US hosts talks to aid Middle East
Monday 30 November 1998
The conferences come five weeks after the Israeli and Palestinian leaders signed the Wye Agreement, undertaking to put back on track implementation of the five-year-old Oslo peace accord. They are seen as a way that the outside world, especially the United States and Europe, can help to foster a durable peace.
The Palestinian conference, to be attended by representatives of several dozen countries, including Israel, is presented by officials in Washington as a by-product of the Wye talks. But the timing remains a mystery. The first, and only, such conference was held five years ago, and the US State Department says, simply, it was felt that the time was right for another.
Unofficially, there is speculation that the US-sponsored attempt to attract more international aid for the Palestinians is a reward from Washington to Yasser Arafat for stalling on his threatened declaration of Palestinian statehood.
The State Department spokesman, James Rubin, said the one-day conference would review progress since that first meeting, assess the "further development needs" of the West Bank and Gaza and call for "enhanced levels of assistance". The US is expected to double its financial assistance to an annual sum of $150m (pounds 93.75m) although that is paltry compared with the $4bn package promised by the European Union.
While the conference will enjoy a high profile - Mr Arafat arrived in Washington over the weekend, and President Clinton is to give the opening address - the bulk of outside financial assistance to the Palestinians so far has been attached to specific projects, such as the airport opened in Gaza last week.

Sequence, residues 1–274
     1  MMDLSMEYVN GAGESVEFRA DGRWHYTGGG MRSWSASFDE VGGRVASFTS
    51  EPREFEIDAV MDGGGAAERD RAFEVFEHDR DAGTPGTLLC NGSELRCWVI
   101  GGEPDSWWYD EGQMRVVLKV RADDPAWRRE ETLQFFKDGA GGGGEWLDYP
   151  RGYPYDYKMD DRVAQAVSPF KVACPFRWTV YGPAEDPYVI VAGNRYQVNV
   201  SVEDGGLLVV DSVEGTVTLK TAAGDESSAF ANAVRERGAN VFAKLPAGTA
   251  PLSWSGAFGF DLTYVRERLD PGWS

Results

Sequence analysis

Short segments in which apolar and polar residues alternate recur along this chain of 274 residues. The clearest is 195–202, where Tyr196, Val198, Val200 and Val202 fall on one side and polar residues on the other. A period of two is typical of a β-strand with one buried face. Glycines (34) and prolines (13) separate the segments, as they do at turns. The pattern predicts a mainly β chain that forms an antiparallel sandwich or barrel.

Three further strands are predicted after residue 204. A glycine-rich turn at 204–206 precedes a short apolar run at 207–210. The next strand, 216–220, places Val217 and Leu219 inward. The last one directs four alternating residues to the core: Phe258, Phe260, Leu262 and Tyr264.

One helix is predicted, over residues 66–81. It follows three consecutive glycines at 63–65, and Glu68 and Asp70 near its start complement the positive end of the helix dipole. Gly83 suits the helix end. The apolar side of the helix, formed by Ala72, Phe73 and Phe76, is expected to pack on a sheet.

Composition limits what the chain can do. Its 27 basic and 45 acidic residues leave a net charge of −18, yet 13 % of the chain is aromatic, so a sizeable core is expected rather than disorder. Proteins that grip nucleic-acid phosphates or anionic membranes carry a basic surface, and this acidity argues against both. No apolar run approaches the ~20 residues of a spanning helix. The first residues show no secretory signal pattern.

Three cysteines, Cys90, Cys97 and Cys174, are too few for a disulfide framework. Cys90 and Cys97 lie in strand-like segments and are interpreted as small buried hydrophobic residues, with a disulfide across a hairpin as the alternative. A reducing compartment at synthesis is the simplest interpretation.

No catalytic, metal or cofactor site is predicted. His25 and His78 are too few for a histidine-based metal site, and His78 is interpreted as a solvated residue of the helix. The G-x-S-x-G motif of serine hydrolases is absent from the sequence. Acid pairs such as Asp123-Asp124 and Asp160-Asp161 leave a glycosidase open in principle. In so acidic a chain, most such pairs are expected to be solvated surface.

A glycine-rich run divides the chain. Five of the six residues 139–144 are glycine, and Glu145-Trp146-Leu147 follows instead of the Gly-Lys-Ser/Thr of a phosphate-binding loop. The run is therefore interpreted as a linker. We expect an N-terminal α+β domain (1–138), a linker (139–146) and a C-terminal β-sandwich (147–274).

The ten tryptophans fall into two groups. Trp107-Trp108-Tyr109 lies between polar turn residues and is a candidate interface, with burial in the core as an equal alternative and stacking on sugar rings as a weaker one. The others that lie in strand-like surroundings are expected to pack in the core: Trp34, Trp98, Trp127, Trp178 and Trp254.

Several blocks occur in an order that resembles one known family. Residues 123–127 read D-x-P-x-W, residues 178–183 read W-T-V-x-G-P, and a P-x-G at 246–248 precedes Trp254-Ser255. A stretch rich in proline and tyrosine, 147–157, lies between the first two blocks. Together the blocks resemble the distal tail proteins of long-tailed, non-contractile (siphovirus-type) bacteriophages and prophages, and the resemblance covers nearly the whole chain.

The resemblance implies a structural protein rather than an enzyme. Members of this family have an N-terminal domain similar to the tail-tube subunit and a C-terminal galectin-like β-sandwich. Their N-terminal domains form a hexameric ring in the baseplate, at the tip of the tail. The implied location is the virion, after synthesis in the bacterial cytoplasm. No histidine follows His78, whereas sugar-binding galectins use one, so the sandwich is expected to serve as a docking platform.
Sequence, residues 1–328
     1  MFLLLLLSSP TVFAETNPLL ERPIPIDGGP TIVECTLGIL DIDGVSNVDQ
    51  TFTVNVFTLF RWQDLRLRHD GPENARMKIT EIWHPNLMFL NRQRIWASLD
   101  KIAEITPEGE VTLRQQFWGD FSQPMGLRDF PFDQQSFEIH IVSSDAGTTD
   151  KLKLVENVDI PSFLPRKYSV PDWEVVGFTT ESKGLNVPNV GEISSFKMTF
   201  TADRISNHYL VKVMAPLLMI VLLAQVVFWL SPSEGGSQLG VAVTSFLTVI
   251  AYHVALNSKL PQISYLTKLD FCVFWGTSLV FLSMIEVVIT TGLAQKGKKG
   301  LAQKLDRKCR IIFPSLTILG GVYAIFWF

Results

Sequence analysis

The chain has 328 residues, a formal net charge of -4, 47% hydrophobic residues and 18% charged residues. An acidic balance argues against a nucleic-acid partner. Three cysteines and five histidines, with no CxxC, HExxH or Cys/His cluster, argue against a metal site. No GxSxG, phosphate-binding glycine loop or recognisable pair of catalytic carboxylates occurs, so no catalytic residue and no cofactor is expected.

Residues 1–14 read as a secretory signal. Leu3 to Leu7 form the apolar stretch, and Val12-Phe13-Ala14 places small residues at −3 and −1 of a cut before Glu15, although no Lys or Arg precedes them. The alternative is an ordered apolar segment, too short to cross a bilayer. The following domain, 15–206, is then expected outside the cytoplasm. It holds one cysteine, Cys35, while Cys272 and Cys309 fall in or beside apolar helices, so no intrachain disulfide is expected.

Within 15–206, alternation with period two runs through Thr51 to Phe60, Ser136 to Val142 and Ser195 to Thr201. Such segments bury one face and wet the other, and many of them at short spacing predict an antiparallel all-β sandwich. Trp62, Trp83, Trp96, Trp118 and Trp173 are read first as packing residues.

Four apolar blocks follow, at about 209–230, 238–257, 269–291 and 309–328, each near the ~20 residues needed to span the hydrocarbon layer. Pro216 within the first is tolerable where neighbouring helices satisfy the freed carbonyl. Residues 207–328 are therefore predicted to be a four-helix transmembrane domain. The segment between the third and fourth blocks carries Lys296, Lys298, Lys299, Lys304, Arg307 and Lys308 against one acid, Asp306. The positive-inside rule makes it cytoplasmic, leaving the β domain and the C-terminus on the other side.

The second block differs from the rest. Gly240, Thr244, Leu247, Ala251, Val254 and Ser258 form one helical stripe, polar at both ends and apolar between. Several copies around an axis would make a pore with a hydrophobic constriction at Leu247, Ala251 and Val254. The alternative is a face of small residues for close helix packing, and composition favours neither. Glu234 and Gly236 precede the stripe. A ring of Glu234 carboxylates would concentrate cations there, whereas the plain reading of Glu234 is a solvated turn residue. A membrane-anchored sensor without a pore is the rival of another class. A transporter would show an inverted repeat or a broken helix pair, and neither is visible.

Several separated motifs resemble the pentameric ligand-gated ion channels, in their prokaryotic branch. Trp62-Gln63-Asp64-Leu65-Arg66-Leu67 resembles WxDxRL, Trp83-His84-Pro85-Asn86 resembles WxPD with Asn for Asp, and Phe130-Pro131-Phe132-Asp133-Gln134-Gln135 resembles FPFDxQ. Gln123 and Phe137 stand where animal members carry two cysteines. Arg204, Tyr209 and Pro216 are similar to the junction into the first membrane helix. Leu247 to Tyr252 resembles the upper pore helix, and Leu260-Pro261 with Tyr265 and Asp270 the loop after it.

The second conference, to be attended by representatives of more than 50 nations, is the follow-up to the London conference on Nazi gold held a year ago. The focus this time will be broader and will include the tracking and restitution of confiscated art, insurance policies held by Holocaust victims, and trying to co-ordinate the work of charitable efforts. One aim, said Stuart Eizenstadt, Under- Secretary of State, is to "come as close as possible to completing a historical record before the end of the millennium".
Any suggestion that the timing of the two conferences is not coincidental is dismissed by State Department officials in Washington with horror. But the juxtaposition suggests a concern in Washington to be seen as more even-handed between the Israelis and the Palestinians than in the past.
As if to reinforce this, the White House has released the outline itinerary of President Clinton's future tour of the region. He will visit Jerusalem, Bethlehem and Gaza to become the first US leader to address the Palestinian assembly.
t Israeli warplanes struck suspected Palestinan guerrilla bases in southern Lebanon for the second consecutive day to avenge attacks on Israeli outposts, Lebanese security officials said. There was no immediate word on casualties.
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